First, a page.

I’ve been using this hand-held scanner for a little over 2 years. I don’t use it daily, more like several times a month, but for my purposes the name is appropriate… MAGIC.
I’m a CAD sub-contractor, and am often asked to create high resolution, photo-realistic images of (among other things) furniture or cabinet designs. In order for these images to be as accurate as possible, I need to use the finish sample (such as a wooden panel) selected for the project.
In the past, I took a digital photo with the best lighting I could find, and manipulated the image in software to attempt to even out the lighting, correct the perspective, crop out the background, etc., creating a “texture” that my CAD program used to render the object. This was always time-consuming and usually resulted in less than stellar results.
Now, I can run this scanner across a 8-inch x 8-inch sample, or even an 8-foot-long sample, and get a full-size, good resolution, consistently lighted image of the board, or other material. Often the only reason I will edit the scanned image in a photo manipulation program is to reduce the resolution. (Recently, a production manager commented that images from one of my CAD models that had been rendered with a scan of a stained burl veneer sample looked better than the finished piece of furniture.)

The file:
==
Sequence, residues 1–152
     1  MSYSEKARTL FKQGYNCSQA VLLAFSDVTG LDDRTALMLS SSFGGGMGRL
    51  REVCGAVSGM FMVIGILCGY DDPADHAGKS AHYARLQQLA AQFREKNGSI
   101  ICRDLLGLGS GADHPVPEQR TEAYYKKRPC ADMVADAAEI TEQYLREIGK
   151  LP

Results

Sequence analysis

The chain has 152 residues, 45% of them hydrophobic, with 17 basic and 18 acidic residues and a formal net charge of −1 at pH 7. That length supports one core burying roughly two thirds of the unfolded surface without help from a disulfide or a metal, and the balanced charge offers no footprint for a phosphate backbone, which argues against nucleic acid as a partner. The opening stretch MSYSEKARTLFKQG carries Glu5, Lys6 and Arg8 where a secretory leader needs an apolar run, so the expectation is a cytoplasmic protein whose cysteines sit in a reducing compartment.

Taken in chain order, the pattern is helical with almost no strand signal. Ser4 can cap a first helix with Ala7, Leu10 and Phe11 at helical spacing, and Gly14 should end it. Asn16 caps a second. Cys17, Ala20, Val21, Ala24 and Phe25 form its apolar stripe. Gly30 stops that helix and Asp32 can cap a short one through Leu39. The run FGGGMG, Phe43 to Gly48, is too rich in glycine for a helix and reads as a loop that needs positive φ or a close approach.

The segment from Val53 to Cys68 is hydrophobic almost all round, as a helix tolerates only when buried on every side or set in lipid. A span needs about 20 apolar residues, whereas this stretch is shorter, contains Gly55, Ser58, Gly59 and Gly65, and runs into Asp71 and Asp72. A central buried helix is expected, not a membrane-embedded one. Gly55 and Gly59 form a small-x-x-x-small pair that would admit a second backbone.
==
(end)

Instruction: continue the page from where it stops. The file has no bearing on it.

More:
This scanner will not scan (easily) without a little distortion somewhere. It is relying on you to push it along, after all. The more consistently you move the scanner, the less distortion you’ll get. That said, I’m usually surprised at how little distortion there is. (But I would not count on it to give me a perfect scan of an important picture of grandma.)
It uses 2 AA batteries – and they last a long time if left out of the unit when not in use. It produces Jpeg images, which it stores on a microSD card – not included. It uses a common USB connection and includes a cable to transfer images to a computer. There is no special software required to access the images on the scanner in Windows (Vista thru 8). I’m not sure about WinXP or Mac, but any SD card reader ought to be able to read the Jpeg files on the microSD card.
I highly recommend the VP Solutions carrying case ($15) as well. It has plenty of room for the scanner, battery storage cable, etc. It is compact and very solid.